Showing posts from March, 2016

Book Review: Our Crowd, by Stephen Birmingham

A little while ago, I came across NetGalley - a site where ARCs and recently published books are made available (generally upon request). There's a good sampling of history books: not fashion history, which I didn't expect to find, but I find social history in general almost as interesting. Clothes are one facet of understanding a time and place, but there are so many other factors. And I find the clothing more meaningful when I have more context to place them in. The first book I went for was Our Crowd: The Great Jewish Families of New York , by Stephen Birmingham, originally published 1967 and republished by Open Road in 2015. One reason I picked it is that I'm always fascinated by my own heritage (typical American); another is that there's something about New York. It's not just the city itself, but where it stands in popular culture - especially early twentieth century pop culture, which I consume frequently and which contains a lot of references that I just

Regency Corsets (or Stays if you will)

My very first post to this blog was a kind of a summary of corset construction and style in the period 1790-1810. It's awkwardly written, because I was excerpting from a paper and summarizing and wasn't used to blogging like this! It seems like a good time to revisit the topic, now that I've spent even more time analyzing the period. The stays of the early 1790s were essentially those of the 1780s, cut with a higher waist - conical, and heavily or half boned. Very quickly, though, the silhouette changed. Artistic portraits had shown women dressed in flowing draperies, belted high, without stays, and at the same time that those high-waisted flowing draperies entered mainstream fashion, so did softly rounded breasts. While some women achieved this look by not wearing any stays at all, for most, the idea that a boned and laced undergarment was essential to respectability held strong. Non-satirical sources refer to corsets' and stays' existence through this time - for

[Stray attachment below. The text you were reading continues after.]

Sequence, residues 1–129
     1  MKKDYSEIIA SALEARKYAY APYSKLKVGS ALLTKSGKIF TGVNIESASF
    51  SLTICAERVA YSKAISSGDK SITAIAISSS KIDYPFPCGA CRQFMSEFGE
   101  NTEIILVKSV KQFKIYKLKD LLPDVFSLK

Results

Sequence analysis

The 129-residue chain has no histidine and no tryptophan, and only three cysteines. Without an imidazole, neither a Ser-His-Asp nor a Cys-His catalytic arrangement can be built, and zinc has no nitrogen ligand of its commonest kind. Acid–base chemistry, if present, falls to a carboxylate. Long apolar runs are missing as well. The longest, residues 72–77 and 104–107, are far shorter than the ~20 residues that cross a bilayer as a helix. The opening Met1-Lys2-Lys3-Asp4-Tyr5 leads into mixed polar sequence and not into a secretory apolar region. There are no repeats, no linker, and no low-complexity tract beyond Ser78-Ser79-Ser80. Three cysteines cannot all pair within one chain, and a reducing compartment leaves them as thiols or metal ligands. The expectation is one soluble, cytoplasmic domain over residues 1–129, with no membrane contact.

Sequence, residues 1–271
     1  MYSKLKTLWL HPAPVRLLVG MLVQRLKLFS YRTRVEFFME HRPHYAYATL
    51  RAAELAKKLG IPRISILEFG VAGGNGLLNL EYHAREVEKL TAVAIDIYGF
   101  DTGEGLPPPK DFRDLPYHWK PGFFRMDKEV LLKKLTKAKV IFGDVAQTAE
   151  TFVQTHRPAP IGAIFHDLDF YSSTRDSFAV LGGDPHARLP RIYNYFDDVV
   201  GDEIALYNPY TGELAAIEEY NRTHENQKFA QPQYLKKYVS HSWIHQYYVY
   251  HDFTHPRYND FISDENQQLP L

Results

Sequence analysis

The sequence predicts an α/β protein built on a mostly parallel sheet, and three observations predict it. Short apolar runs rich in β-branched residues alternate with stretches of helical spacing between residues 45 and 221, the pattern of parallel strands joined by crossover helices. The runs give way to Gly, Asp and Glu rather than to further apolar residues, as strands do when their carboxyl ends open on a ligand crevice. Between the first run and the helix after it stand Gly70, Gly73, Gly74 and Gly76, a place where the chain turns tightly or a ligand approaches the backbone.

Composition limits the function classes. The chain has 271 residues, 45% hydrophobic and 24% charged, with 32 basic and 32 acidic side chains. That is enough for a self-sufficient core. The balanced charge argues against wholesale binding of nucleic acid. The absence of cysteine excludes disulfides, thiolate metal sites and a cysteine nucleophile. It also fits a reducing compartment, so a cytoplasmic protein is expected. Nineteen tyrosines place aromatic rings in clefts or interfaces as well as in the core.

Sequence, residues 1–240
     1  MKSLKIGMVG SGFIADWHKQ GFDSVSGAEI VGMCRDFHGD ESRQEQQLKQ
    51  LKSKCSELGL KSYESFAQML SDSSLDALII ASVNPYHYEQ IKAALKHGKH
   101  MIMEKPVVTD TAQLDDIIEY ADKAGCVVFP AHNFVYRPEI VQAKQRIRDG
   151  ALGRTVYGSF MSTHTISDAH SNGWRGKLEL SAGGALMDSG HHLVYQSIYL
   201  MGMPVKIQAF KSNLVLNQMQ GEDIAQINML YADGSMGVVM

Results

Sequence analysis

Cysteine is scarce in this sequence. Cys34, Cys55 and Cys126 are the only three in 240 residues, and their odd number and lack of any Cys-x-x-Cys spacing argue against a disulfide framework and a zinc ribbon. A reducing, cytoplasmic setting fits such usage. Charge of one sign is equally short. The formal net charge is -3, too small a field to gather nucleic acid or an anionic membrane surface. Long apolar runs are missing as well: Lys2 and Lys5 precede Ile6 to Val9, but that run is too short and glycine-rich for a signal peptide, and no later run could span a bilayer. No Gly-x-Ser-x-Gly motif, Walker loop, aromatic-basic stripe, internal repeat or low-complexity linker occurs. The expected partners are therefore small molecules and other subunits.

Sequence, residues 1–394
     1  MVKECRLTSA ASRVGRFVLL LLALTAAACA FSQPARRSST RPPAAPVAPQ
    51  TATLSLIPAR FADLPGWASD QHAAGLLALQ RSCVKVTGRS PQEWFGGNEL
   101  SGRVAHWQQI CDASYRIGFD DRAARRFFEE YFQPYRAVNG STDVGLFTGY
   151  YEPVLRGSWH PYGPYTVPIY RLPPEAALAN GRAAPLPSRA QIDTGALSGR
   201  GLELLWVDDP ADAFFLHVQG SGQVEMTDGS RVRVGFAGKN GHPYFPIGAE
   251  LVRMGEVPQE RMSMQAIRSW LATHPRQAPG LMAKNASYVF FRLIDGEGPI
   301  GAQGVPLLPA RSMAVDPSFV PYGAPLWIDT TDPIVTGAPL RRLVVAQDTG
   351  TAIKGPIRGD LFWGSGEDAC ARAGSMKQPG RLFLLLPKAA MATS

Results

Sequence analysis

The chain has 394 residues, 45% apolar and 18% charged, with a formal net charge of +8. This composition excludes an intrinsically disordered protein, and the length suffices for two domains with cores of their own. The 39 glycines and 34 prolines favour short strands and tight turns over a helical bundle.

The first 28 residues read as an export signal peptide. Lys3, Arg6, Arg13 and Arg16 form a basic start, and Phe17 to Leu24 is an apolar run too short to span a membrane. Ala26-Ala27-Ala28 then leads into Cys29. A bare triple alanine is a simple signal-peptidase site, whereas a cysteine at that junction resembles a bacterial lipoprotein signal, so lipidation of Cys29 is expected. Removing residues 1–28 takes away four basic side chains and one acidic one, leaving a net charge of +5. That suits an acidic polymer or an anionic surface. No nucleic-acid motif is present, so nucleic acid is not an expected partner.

HSM 2016 Challenge #3: Protection

For the "Protection" challenge, I made a chemise to wear for the Civil War Weekend. Chemises, of course, protect your skin from the corset, and your corset (and other clothes) from your skin, and so are a perfect thing to make as an example of a protective garment. This is the pattern I used , which I took while working at the Chapman Historical Museum. It would be a very good one for a first attempt at scaling up a pattern - I strongly recommend it if you have any interest in practicing that skill. That said, the actual making is tricky. There's a lot of gathering, and since the original had the bands attached by machine I didn't do stroked gathers, which are in a way simpler and hang better. I really should have used a smaller cording (the original has five rows) and should have started it much closer to the fold, so as to have more room for the seam allowances. I had to trim them quite close. Setting in the neckline gussets was also a tricky annoyance. Th